PPACA: Health Insurance Tax Credits

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To help make qualified health plans (QHPs) that are available through Exchanges more affordable, certain individuals and businesses may be eligible for federal financial assistance. Better known as premium credits, this cost sharing support is also slated to encourage eligible persons to purchase insurance.

What are Premium Credits?

Simply put, premium credits are advanceable and refundable federal tax credits that are used to pay for health insurance purchased through a state or federally-run health Exchange. The credits for individuals and their families will be available starting in 2014.

How to Qualify for Premium Credits

Individuals may qualify for premium credits by meeting the following criteria:

  1. File Income Taxes – While premium credits can be distributed directly to the insurer in advance, they must be reconciled through one’s individual tax returns. Married persons must file a tax return to receive the credit. Individuals who have little or no tax liability may be eligible for premium credits. 
  1. Enroll in an Exchange Plan – persons who are residing in a state with an established exchange and are not incarcerated or undocumented aliens may be eligible. 
  1. Not Eligible for Other Acceptable Coverage - premium credits will be available for individuals who do not qualify for minimum essential coverage available through Medicare, Medicaid, Children’s Health Insurance Programs (CHIP), coverage related to military service, or an employer-sponsored plan. Some individuals who are eligible for employer-sponsored coverage may be eligible for premium credits if the self-only coverage costs them more than 9.5% of their household income or covers less than 60% of total allowed costs.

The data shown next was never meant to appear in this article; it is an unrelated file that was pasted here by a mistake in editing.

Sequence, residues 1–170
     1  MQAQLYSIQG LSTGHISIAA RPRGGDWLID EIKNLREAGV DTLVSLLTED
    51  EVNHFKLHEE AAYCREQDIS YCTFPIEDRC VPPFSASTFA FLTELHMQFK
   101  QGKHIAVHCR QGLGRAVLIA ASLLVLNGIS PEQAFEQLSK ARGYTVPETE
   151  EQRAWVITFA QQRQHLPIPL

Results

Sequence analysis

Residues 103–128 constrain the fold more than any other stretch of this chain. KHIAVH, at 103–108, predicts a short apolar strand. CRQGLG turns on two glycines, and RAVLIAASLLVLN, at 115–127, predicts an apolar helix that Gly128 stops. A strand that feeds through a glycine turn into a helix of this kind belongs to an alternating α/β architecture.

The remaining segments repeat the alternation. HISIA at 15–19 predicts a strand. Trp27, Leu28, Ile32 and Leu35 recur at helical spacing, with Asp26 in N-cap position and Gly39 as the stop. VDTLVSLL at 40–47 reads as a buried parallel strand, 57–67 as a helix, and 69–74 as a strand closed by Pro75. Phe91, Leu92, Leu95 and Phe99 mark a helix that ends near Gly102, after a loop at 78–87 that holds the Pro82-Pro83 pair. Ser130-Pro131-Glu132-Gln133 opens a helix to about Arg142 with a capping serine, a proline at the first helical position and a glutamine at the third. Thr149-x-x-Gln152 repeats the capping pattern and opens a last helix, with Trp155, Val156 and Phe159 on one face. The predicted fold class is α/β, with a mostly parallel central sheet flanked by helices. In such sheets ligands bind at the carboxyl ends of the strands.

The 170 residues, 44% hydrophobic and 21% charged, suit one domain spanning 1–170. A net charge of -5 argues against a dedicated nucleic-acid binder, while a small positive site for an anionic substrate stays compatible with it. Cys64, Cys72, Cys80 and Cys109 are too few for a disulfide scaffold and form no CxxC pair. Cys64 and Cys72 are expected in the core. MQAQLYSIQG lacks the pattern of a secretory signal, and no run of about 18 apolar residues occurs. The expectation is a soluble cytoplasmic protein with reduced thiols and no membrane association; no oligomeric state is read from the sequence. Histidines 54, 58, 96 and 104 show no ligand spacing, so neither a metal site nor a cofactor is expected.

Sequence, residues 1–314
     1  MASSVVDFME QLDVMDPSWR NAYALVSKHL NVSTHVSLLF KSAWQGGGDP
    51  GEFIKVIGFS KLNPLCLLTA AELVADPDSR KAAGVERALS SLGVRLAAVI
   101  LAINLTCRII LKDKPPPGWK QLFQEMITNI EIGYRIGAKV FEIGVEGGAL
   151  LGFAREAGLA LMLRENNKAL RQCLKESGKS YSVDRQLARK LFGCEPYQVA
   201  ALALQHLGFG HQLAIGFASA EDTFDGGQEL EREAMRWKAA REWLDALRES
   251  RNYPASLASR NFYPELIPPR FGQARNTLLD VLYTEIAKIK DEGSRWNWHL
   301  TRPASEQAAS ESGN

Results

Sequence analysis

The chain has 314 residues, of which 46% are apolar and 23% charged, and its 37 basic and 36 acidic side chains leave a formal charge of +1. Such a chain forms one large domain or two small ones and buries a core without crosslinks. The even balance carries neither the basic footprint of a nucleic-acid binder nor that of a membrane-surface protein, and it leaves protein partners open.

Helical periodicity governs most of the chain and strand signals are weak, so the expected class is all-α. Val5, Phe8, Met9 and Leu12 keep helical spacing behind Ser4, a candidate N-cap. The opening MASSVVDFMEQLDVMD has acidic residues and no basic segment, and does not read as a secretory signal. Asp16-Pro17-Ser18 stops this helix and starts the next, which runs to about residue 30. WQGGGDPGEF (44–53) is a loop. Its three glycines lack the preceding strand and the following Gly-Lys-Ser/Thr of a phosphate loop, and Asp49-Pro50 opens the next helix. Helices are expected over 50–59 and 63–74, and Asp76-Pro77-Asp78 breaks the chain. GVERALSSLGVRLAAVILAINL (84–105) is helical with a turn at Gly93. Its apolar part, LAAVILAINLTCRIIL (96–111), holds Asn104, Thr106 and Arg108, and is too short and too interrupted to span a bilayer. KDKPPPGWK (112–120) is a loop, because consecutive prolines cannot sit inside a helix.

1. Employer Does Not Contribute Toward Exchange Plan – individuals enrolled in QHPs offered through the Exchange that their employers contribute towards will not be  eligible for premium credits. 
  1. Income Less Than 400% of the Federal Poverty Level (FPL) – individuals must earn between 100% and 400% FPL to be eligible for a premium credit. Those whose income is close to the 400% FPL may or may not receive a premium credit.

 The following table illustrates the estimated percentage of their income individuals may pay for coverage depending on their FPL: 

Federal Poverty Level (FPL)

Cost-Sharing Range

0% to 133%

≥ 2% of income

133.01% to 300%

3% to 9.5% of income

300% to 400%

≤ 9.5%

400%  and higher

Not eligible for premium credits

The following table illustrates the FPL for 2012:

FPL 2012
Image source: http://aspe.hhs.gov/poverty/12poverty.shtml

The specific process through which individuals will be screened for eligibility will likely be specified by the Department of Health and Human Services in the near future. 

Calculation of Premium Credit Amounts
The following illustration shows how premium credit amounts will be calculated: 

Premium Tax Credit Calculation

Image Source: CRS Health Insurance Premium Credits in the Patient Protection and Affordable CareAct.

To use the Kaiser Foundation’s premium subsidy calculator, click here »